- Download our Moving to Brazil Guide (PDF)
Getting around in Brazil is not always easy owing to its vast geographic size. Location makes a big difference in the available transport options. Major cities such as São Paulo and Rio de Janeiro have taxis, buses and metro systems in addition to international and domestic airports. However, in smaller cities, the options are more limited. Travel between cities may require planes, buses or boats.
Public transport in Brazil
Buses are by far the most common and flexible form of public transport in Brazil. All major cities have a public bus system, as well as a central bus station that provides options for travelling to other cities. Cost and safety will vary based on location, but city bus fares are usually inexpensive. Inter-city bus fare can be more expensive, but buses are reliable and cost less than flying – although, due to the size of Brazil, it's not always practical to cross the country by bus.
Brazil has metro systems in a handful of cities, but their usefulness varies. In Rio de Janeiro, the metro is clean and safe. In São Paulo, the metro can be a good option, but is usually packed. Smaller cities are making improvements over time, which should make the metro a more useful option for residents and visitors in future.
Although there are a few notable tourist-oriented routes, passenger trains are few and far between in Brazil. Most railways used for cargo transport only.
Taxis in Brazil
Brazil’s major cities have large taxi fleets that run on meters. Taxis typically congregate in designated pontos throughout the city. Taxi fares are not terribly expensive, but expats need to beware of being 'taken for a ride' in unfamiliar places. When in a new city, hiring a radio taxi (with a prepaid fare) can be a good option. For expats who don’t have a car and rely on taxis, taxi drivers can usually offer cards with their number for future calls. They appreciate a regular customer and may be willing to give discounts for standing appointments or longer trips.
There are also ride-hailing applications such as Uber and Taxi.Rio, an app developed by Rio de Janeiro's government to connect passengers with traditional taxis, are also available in most of Brazil's major cities.
Driving in Brazil
Brazil’s road system is woefully inadequate. While there are paved highways between major cities, they're frequently in disrepair and can be dangerous. This leads to a high number of road fatalities in Brazil every year. Traffic within and between major cities can be congested.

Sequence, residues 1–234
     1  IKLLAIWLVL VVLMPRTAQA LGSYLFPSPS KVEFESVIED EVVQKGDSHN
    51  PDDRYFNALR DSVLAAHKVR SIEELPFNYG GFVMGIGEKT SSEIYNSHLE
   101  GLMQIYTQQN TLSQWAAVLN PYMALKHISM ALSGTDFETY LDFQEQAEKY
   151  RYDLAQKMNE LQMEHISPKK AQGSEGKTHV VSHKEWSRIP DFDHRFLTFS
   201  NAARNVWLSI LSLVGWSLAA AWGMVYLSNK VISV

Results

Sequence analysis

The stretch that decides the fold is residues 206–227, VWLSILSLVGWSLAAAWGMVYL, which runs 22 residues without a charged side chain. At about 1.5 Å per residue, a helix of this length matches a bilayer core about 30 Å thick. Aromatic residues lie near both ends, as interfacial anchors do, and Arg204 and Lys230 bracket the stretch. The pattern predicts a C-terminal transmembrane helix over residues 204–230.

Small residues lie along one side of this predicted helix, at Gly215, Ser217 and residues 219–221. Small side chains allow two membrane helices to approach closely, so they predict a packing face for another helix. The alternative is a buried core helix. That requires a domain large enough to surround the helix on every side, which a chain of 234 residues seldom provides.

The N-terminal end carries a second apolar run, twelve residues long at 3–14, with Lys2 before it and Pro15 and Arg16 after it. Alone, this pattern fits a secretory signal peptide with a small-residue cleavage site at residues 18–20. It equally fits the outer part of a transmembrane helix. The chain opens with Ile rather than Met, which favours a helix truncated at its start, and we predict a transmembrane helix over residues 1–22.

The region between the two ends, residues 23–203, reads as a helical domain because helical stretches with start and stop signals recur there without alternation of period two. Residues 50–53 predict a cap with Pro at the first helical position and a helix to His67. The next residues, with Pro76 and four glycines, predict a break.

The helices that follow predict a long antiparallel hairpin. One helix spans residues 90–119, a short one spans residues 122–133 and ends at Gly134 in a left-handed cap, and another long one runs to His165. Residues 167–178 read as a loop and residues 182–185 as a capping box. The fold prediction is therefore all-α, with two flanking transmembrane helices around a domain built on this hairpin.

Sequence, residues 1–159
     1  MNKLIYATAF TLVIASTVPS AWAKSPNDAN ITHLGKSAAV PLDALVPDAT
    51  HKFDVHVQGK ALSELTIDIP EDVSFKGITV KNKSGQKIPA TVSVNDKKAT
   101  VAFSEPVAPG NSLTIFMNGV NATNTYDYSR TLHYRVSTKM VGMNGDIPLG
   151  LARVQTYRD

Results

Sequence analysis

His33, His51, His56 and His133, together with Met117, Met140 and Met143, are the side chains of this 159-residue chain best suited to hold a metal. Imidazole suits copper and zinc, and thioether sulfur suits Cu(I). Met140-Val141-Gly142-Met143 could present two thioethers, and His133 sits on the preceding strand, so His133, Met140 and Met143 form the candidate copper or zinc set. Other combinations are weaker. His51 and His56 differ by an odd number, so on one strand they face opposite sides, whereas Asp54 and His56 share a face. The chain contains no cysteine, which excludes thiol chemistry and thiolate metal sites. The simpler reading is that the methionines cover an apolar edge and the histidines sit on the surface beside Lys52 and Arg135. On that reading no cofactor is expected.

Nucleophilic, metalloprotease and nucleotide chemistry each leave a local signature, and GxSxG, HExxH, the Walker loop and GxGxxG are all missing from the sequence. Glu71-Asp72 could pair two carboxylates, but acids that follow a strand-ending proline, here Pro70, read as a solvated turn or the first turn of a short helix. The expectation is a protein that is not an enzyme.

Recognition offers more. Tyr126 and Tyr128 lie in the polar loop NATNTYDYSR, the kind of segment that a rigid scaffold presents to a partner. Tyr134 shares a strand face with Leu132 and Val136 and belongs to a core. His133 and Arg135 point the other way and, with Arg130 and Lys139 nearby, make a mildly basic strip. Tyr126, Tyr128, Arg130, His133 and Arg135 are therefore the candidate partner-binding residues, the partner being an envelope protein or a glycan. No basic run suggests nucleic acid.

That said, many expats in Brazil choose to own a car for the flexibility it provides. Some expat employment packages provide drivers and others will support the process of getting a car and licence. Car ownership is expensive, with car and petrol prices quite high. Expats should be aware that it is illegal to drive in Brazil after consuming any amount of alcohol, this could lead to imprisonment at worst and a steep fine at best.
Expats will be allowed to drive in Brazil with their licence from their home country along with their passport for an initial six months. Thereafter, expats will need a Brazilian driving licence if they intend to live in the country for a while. New arrivals must have a valid temporary or permanent residence visa to qualify for a Brazilian driving licence.
Newcomers who are from countries that have reciprocal agreements with Brazil, such as South Africa, the US and Australia, can simply exchange their full driving licence from their home countries for a Brazilian licence. Those from countries without ratified agreements with Brazil will need to take a four-part test, provide a range of paperwork and pay the related fees to secure their Brazilian driving licence.
Cycling in Brazil
Cycling is popular in many of Brazil's main cities. Extensive bicycle-rental schemes are often available. Dedicated bicycle lanes and paths are also available in some parts of Brazil. Cyclists should, however, avoid cycling late at night for safety reasons. Cyclists may find themselves having to cycle in the road or on sidewalks, and in this case, they should be aware of pedestrians and unruly drivers.
Ferries and boats in Brazil
In some parts of Brazil, mainly Amazonia, water travel is the only form of transport. Although travelling through the Amazon River by boat can be slow, it's a unique once in a lifetime experience. Some larger boats will have classes with different comfort levels. Expats should ensure they take plenty of food and water as trips can take anywhere from four to six days, depending on where they will be travelling from and to.
Air travel in Brazil
For domestic travel, unless one has days and weeks of time to spend on buses, a flight will be the best option. Flying can be expensive, but making an advance purchase can help offset the cost. Every major city has an airport and expats should expect long queues. Parents, pregnant women and senior citizens get priority access and therefore do not have to worry about the snaking queues at airports.
►For budgeting tips, see Cost of Living in Brazil
"The traffic is every bit as bad as it’s reported to be, but 'Sampa' is a megalopolis after all. On the plus side, the drivers are courteous toward pedestrians, whereas I felt more at-risk walking around Porto Alegre." Read more of Paulistihna's expat experience interview.
Are you an expat living in Brazil?
Expat Arrivals is looking for locals to contribute to this guide, and answer forum questions from others planning their move to Brazil. Please contact us if you'd like to contribute.
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